From the Pastor’s Desk

2015-06-23 10.09.46-2
2015-06-23 10.09.46-2Father West, Deacon Ron, and I, together with family, friends and fellow parishioners of Saint Peter’s, were blessed to be witnesses of Michael Younginers’ Diaconal Ordination on January 30. The Church was filled to overflowing as Bishop Guglielmone presided at the first Permanent Diaconal Ordination in over nine years. We were again blessed to have Deacon Michael preach at our English Masses this past Sunday, January 31, and to welcome Monsignor Lehocky who concelebrated our 11:00 AM Mass and visited with many of you at Deacon Michael’s reception. My thanks to all who brought goodies and made the day so special for our new deacon and his family!

This past Monday, in contrast, I had the sad duty and honor by virtue of my position as Vicar Forane (Dean) of the Columbia Deanery, of presiding at and preaching the Wake Service for Father Andrew Vollkommer, the pastor of Our Lady of the Lakes Catholic Church. The church was packed as was the Funeral on Tuesday. Father Andrew’s untimely death at the young age of 60, underscore the responsibility we all share to pray for our priests for vocations to the priesthood. Just as our Holy Father continuously asks for prayers, I , too, humbly ask that you remember both Father West and me daily, as the burdens of ministry are challenging and sometimes, overwhelming.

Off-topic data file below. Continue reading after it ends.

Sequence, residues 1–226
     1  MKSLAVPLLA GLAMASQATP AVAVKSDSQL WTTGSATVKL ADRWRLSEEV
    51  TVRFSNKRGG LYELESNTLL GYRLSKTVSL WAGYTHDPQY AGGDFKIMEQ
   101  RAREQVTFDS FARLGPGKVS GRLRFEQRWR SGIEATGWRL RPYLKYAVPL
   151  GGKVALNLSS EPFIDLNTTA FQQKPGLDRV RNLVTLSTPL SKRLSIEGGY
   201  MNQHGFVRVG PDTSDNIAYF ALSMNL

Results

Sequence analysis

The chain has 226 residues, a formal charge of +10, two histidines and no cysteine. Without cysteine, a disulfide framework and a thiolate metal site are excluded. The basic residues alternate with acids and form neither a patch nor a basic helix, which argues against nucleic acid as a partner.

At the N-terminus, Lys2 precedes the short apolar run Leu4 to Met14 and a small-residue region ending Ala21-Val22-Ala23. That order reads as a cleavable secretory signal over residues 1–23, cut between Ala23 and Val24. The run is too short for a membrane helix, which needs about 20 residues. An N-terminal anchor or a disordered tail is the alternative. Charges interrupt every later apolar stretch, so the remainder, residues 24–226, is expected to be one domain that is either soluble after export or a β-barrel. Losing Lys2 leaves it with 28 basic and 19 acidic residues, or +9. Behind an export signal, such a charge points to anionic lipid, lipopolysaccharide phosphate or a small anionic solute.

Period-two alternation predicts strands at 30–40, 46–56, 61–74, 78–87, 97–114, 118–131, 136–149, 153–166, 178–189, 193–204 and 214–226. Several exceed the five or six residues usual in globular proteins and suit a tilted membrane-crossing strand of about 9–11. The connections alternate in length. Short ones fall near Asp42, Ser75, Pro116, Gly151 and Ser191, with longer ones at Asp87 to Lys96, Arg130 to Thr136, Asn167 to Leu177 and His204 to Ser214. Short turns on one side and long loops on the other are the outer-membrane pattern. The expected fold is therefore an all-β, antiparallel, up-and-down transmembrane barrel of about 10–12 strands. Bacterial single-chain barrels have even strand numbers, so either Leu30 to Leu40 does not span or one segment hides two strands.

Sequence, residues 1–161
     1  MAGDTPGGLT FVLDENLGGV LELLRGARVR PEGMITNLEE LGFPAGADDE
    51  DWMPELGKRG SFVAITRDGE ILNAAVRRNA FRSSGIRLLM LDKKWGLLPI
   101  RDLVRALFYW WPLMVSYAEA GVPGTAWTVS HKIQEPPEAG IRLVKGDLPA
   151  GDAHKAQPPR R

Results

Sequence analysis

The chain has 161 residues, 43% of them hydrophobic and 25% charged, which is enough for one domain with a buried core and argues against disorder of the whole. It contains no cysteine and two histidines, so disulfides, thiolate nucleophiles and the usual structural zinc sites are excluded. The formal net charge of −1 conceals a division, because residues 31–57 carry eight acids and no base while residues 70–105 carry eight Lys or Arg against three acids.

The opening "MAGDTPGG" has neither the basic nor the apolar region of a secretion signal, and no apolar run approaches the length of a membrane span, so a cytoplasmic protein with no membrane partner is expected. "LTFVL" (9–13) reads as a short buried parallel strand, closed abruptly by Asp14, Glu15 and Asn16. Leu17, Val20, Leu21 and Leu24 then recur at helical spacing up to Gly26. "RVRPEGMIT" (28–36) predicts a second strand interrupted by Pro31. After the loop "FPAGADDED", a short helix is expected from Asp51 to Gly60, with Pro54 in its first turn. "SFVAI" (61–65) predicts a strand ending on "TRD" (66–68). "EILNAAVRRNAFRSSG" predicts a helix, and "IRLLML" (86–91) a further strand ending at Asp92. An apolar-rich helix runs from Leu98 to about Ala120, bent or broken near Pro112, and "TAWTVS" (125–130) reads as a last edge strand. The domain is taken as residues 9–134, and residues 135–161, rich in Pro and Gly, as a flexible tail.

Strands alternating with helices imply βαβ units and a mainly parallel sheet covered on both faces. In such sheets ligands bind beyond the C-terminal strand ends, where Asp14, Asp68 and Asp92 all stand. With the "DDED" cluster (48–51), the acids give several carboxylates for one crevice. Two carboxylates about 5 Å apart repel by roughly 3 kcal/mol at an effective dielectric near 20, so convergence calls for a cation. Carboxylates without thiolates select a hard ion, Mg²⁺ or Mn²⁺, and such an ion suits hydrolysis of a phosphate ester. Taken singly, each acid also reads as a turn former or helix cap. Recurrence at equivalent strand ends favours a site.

I also ask for your prayers for the parish of Our Lady of the Lake, for our Priests’ Personnel Committee and our Bishop as we seek to find this grieving parish a new pastor.

For the past month, we at Saint Peter’s have been blessed to have Mr. Franklyn Deese step up to serve as our interim Organist and Choirmaster. Mr. Deese has proven to be very adaptable and a blessing for us following Mr. Husey’s departure in late December. That being said, I am thrilled to announce that Dr. Andrew Kotylo who auditioned for us the weekend of January 10 and 11, has accepted our offer of employment and will officially succeed Mr. Husey in June. We are especially appreciative that Mr. Deese will see us through until Dr. Kotylo and his wife and young daughter arrive.

Lastly, it is with great sadness that I write to tell you our Parochial Vicar, Father Renuard West, will leave us on Sunday, April 23, to pursue graduate studies in Patristics in Rome. While I am thrilled for him, his departure will leave a void for us that I do not anticipate will be filled at any point in the near future. I hope, over the next few months, you will personally share your appreciation of Father West’s ministry and offer encouragement to him in his future studies.

Fraternally, Fr. Gary S. Linsky The Very Reverend Canon Gary S. Linsky Pastor